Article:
NFL players reveal nation’s poor treatment of chronic pain

As America’s most popular sport kicks into high gear, NFL fans will know about, follow closely and fret over player injuries. Yet, even with so much attention, pro football players experiencing some form of chronic pain will say they feel alone and that no one is listening.

Such is the case for Chicago Bears legends Jim McMahon, Richard Dent and Keith Van Horne, who recently stepped forward with a lawsuit against NFL. At issue is the claim that the NFL distributed powerful painkillers to players as recently as 2012 without disclosure of risks. While these claims deserve investigation and adjudication, precious little is said about chronic, oftentimes debilitating, pain that affects McMahon, Dent and Van Horne. They are not alone.

According to the Institute of Medicine, chronic pain plagues more than 100 million Americans. Because of its growing prevalence, much of medical community no longer sees chronic pain as a symptom, but a disease. Those suffering from that disease will do anything to escape it, including abusing painkillers and taking their own lives, a trend growing at an alarming rate.

In many ways, the chronic pain crisis is fueling another serious problem in America, the prescription drug epidemic, which claims more lives than illegal drugs, car accidents or gun violence. At the heart of the epidemic is a class of painkillers known as opioid narcotics — highly addictive psychoactive medications and the types of painkillers former NFL players used.

Unfortunately, many of the policy choices we’ve made as a society have unintended consequences and actually do more harm to pain patients like McMahon, Dent, Van Horne and millions of others. The pressure to do something about painkiller abuse and overdose deaths has led to “solutions” that are far worse than the problems they were supposed address:

Under regulatory pressure, Walgreens adopted a “Good Faith Dispensing” policy requiring pharmacists to call physicians’ offices to confirm anything from patient contact information to medical appropriateness whenever a prescription for painkillers is received. The American Medical Association (AMA) criticized the policy as “disruptive” and one that would “seriously delay” patient treatment.

A Des Moines pain physician recently stood trial on criminal charges for “recklessly” prescribing powerful medications, some of which were opioids, when his patient died of an overdose. After a high-profile trial, the physician was acquitted but remains professionally ruined, an outcome that local physicians undoubtedly have noted.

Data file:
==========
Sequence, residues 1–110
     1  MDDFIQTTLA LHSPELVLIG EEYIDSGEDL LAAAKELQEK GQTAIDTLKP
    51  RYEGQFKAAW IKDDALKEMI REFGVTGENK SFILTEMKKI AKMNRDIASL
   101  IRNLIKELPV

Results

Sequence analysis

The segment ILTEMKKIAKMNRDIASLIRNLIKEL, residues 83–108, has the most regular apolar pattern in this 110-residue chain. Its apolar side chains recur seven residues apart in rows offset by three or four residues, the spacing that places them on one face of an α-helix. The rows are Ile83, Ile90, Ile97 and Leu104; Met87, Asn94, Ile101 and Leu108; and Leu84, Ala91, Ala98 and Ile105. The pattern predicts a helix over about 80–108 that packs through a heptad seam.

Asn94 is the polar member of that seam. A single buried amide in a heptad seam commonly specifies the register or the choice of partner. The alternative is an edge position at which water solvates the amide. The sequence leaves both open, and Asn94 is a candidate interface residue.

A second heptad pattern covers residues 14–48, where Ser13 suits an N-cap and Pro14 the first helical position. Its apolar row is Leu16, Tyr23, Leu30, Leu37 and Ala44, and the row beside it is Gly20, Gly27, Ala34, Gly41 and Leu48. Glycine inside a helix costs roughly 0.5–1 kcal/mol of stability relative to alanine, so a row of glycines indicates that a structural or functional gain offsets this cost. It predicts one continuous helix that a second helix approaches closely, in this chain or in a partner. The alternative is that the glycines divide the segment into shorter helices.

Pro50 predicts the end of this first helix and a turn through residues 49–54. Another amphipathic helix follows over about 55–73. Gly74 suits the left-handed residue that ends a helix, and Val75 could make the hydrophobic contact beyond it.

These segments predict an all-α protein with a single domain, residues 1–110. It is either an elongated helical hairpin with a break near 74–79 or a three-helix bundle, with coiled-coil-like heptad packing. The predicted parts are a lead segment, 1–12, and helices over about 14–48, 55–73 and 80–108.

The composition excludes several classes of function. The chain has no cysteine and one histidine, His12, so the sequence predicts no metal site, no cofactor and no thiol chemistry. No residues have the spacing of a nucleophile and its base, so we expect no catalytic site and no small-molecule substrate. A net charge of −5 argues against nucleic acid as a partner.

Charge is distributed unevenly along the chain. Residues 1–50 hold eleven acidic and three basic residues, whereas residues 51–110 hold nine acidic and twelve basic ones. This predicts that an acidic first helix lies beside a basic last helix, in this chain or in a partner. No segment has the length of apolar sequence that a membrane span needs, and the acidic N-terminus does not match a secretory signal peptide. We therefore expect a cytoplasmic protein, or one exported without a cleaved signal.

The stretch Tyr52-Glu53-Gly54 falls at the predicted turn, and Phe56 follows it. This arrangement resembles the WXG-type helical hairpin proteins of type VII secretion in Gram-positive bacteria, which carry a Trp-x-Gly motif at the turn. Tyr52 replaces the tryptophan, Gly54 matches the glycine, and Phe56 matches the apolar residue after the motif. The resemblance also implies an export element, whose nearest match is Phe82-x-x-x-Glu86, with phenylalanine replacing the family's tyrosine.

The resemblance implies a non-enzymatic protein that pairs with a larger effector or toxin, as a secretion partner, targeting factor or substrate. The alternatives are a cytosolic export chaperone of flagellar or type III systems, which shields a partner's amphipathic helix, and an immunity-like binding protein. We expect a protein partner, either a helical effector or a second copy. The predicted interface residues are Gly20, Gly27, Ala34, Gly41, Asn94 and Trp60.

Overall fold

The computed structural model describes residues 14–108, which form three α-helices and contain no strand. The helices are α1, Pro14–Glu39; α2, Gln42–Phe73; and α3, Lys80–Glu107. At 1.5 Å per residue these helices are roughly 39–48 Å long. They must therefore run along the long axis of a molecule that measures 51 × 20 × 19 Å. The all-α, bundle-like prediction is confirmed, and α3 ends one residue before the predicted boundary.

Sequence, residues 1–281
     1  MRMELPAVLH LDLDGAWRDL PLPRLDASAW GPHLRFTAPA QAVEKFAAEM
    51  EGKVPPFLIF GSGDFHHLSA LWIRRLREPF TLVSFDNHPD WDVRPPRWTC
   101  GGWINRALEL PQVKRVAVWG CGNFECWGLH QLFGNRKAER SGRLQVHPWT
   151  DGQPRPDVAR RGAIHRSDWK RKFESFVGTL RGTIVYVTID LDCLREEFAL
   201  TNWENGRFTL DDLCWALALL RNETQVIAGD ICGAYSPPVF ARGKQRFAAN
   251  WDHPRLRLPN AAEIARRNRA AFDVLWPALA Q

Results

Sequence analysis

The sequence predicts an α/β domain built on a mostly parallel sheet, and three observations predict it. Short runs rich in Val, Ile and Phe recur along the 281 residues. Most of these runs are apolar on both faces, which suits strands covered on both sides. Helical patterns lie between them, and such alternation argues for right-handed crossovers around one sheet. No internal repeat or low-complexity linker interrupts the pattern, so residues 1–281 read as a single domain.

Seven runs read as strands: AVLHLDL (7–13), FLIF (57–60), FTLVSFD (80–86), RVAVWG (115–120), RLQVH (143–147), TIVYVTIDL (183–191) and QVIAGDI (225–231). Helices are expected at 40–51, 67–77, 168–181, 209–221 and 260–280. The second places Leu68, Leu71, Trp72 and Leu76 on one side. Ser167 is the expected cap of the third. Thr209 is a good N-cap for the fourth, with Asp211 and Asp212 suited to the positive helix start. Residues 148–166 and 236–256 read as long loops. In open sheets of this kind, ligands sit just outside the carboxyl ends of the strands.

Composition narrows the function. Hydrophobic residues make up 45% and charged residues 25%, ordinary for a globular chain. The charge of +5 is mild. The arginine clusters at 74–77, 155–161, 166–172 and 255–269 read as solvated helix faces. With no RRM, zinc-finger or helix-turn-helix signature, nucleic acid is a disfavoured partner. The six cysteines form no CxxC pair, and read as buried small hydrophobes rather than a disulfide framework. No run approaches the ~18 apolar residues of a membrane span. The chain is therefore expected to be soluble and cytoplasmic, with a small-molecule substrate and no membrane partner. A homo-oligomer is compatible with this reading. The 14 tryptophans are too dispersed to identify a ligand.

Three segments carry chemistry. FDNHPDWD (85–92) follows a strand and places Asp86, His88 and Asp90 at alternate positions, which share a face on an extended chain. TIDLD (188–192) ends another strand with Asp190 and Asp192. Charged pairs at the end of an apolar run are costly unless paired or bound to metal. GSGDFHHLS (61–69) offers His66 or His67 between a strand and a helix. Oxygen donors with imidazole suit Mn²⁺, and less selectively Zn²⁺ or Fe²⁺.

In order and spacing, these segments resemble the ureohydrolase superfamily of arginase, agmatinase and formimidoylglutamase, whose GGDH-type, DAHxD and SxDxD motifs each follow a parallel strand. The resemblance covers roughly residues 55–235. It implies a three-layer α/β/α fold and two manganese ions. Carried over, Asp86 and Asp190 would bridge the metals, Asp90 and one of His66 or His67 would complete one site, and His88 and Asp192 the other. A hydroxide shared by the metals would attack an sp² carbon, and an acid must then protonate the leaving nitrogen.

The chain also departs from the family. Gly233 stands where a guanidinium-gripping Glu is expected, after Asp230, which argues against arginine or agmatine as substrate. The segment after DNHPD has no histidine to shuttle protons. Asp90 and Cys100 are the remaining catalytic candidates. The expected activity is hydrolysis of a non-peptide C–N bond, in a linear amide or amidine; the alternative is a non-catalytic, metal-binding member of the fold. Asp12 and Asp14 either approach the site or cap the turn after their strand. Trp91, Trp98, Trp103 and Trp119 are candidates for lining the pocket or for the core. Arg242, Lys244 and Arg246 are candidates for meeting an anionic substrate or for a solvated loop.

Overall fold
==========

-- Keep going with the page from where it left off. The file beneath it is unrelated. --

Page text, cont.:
In a Pulitzer Prize winning investigation in 2012, the Seattle Times found that Medicaid and workers’ compensation patients were moved from safer pain-control medication to methadone, a cheaper but extremely powerful opioid that contributed to about 2,100 deaths – of largely the poor — over an eight-year period.

What’s wrong with this picture? For starters, the pressure to act is causing us to cede management of the health-care delivery system to those who enforce, make or practice the law rather than those who practice and research medicine. Moreover, our policy on opioids has become a patchwork quilt; on one hand, opioids are branded as “too addictive” to be tolerated, but on the other, they are accepted as the preferred painkillers for low-income patients. Worse still is that we are working to deny relief to people in extreme pain.

To be sure, we cannot continue to rely on opioids over the long-term and must replace them as a treatment method. But opioids that are safely prescribed and monitored by a trained medical professional must not be eliminated as a treatment option. While opioid medications are neither the best nor the only therapy for all patients or all conditions, they are known to be effective for a subset of the population. Administered and taken properly, opioids allow these patients to work, sleep at night, read and take care of their families – activities most of us take for granted.

Most important, we need to accept that curbing painkiller abuse and overdose deaths requires us to address the chronic pain crisis directly. Requiring insurance coverage for lifestyle modification, alternative treatment modalities such as exercise and physical therapy, interventional therapies, and behavior health counseling by a qualified psychotherapist would likely yield far better patient outcomes than the status quo.

Before his suicide, Chicago Bear Dave Duerson talked about his helplessness living with chronic pain. Part of the reason for this feeling is that people in pain rarely find relief, let alone someone who is willing to believe them. Society must not mimic this same sense of helplessness in treating the chronic pain crisis. We need to find a better way.

Lynn Webster, M.D., is the immediate past president of the American Academy of Pain Medicine, based in Chicago. He lives in Salt Lake City.


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